How tactical urbanism can transform the way children use the city

Planned development takes time, and proposed changes may be sluggish to implement, often challenged by bureaucratic powers that deny cities the opportunity to ‘get things done’. Sometimes cities need an injection of tactical urbanism to transform urban use and improve the way of life for children, caregivers, and other city-dwellers.

Tactical urbanism is an action-oriented process which can be initiated by a range of actors, from NGOs to citizens. Its aim is to disrupt and reclaim ‘formal’ or unused/disused spaces by enacting ‘nimble’ ‘quick’ ‘low-cost’ ‘flexible’ ‘activist’ and ‘experimental’ interventions to create useful, people-friendly places.[1] Tactical urbanism places the local community and public space users at the very heart of the placemaking process. Often these changes are temporary, but some trigger more lasting and transformative change, writes Anupama Nallari, Cities4Children.

One example of impactful tactical urbanism is Park (ing) Day, where street space has been reclaimed temporarily or permanently for play and recreation. The original concept and event began in San Francisco, with community members protesting the use of public space for parked cars rather than people. As a small measure of collective protest, a parking meter was fed for two hours, a piece of turf rolled out, and bench placed on the area. This space, or ‘parklet’, was then occupied by people. Since then, the citizen-led movement has been embraced across many countries, and in some cities, it has even become a city-driven intervention or program.

The simplicity and creative possibilities of the intervention—and the use of advocacy, publicity, social media, and toolkits—allowed for it to be scaled up into an annual global event, with parklets popping up across hundreds of cities. The initiative resulted in more permanent programs and policy changes in cities like Vancouver, Seattle, London, Los Angeles, and San Francisco.[2] (It has been less successful in Singapore, however,  where the movement has largely resulted in pop-up spaces which appear and disappear once the event is over.) [3]

As the SDGs and the New Urban Agenda push cities, particularly in the global South, to adopt inclusive and sustainable ways to address rapid urbanization, tactical urbanism seems to be gaining traction. However, it is less likely to be ‘activist’ and more driven by local governments and NGOs.[4] Exploring what kind of impacts tactical urbanism interventions can have—and how sustainable they are—is vital.

Tactical urbanism: City-led temporary street interventions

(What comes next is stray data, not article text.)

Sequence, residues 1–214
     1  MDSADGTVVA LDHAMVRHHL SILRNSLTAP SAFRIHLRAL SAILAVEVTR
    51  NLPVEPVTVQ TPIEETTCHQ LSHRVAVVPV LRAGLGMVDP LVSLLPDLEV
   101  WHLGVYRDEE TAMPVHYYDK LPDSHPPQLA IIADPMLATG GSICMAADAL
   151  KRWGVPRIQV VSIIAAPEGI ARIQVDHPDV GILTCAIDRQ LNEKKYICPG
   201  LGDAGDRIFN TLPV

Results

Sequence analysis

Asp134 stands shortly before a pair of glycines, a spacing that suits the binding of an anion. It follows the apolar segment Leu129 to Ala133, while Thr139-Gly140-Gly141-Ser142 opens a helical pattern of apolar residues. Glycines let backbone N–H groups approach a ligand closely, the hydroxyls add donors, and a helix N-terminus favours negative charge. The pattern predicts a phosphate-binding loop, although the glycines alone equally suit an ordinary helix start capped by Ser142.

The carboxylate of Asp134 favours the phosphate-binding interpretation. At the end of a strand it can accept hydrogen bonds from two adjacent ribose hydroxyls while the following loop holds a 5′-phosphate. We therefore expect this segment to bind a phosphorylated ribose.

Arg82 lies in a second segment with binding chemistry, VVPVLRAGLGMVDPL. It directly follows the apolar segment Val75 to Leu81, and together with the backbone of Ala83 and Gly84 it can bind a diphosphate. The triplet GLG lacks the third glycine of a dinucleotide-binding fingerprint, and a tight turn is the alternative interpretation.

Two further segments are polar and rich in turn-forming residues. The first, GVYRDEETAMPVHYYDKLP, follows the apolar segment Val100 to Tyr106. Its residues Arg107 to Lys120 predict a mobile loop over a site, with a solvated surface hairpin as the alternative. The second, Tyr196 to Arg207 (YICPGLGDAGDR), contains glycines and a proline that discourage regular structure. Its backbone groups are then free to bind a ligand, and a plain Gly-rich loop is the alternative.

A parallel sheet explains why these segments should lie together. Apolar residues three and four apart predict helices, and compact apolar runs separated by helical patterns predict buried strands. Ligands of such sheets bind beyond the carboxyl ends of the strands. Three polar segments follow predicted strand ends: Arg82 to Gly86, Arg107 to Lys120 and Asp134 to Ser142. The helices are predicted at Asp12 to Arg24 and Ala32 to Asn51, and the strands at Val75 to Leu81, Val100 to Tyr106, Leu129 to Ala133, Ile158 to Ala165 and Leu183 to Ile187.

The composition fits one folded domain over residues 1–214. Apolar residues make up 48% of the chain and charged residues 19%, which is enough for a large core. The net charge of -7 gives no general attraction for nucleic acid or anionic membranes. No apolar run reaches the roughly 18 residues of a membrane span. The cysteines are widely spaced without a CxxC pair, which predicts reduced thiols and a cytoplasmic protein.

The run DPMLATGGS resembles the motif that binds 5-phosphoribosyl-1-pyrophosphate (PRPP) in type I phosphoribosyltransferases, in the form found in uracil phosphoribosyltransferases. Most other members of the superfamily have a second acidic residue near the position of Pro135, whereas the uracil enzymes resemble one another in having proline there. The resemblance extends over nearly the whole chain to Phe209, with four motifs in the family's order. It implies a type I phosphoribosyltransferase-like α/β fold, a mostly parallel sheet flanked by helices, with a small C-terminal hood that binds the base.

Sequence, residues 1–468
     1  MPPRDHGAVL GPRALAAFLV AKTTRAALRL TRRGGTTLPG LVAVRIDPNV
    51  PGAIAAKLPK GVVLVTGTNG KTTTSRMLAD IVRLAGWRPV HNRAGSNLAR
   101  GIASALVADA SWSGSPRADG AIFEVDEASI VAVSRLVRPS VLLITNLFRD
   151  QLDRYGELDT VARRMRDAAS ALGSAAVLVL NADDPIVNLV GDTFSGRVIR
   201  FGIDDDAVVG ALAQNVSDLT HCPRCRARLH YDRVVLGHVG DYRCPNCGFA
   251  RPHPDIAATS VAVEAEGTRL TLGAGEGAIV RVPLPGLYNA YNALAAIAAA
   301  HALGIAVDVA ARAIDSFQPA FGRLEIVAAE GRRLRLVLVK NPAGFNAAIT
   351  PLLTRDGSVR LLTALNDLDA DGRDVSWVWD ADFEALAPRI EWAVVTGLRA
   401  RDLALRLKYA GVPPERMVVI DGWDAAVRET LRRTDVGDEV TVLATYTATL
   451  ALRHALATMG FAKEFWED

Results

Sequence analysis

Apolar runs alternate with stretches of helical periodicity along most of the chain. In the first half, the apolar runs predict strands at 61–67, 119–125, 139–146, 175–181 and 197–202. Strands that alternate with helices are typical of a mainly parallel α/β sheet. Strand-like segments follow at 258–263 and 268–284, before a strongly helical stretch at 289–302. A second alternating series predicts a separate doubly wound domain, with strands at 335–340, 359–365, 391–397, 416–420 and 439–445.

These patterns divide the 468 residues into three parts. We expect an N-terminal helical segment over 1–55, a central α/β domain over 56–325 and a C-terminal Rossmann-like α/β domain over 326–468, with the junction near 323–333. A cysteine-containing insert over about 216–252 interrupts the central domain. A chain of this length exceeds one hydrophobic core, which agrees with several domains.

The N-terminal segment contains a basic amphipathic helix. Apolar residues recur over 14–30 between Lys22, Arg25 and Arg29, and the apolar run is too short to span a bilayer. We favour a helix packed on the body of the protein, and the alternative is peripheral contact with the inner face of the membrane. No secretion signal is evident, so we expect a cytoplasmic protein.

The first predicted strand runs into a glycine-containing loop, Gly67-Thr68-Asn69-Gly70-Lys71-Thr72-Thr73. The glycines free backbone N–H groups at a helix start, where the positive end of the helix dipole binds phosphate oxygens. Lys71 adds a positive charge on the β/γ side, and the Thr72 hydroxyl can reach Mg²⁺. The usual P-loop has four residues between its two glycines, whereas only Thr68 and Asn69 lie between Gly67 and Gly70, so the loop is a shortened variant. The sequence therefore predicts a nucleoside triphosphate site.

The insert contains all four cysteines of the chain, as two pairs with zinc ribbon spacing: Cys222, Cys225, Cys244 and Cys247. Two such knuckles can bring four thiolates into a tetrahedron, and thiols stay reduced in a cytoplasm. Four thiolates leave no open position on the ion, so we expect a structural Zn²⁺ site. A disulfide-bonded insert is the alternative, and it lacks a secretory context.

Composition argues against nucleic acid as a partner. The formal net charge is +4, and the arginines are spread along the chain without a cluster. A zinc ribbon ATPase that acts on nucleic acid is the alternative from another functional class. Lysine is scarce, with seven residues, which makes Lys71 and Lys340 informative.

São PauloJakarta, and Chennai are just a few of many cities across the globe where local and international organizations have partnered with city agencies to reclaim car-dominated streets through safety cones and street markings. These streets are then ear-marked for bike lanes, pedestrians, and social activities. ‘Raahgiri Day’ in India is a weekly street closure movement that spans numerous cities, providing an inclusive space for the elderly, women, and underserved children to use streets for play and social activities; its success has also propelled the launch of several child-focused campaigns, including one by Save the Children India which promotes safety of girls in public spaces.

These are excellent initiatives for reclaiming streets, but such short-term interventions also need to be accompanied by robust monitoring and evaluation with regard to how they impact children and how they connect with long-term plans, programs and policy change.  It is critical to consider how children may be impacted, especially as these efforts expand across neighbourhoods and cities.

Key questions should be raised, for example: do bike lanes and pedestrian lanes separated by safety cones and street markings provide safe mobility for all children in the short-term? Do traffic islands created in the middle of busy streets with no shade really ‘reclaim’ this space for children? Some of the images of streets reclaimed through street markings also show two-wheelers veering dangerously close to pedestrians, which begs the question of how safe these interventions are in the short-term.[5] Additionally, there is concern, for example in India, that these interventions are merely distractions which have little long-term influence on deeply entrenched car-dominated planning, policies, and projects.[6]

Tactical urbanism: Smaller, community-led upgrading efforts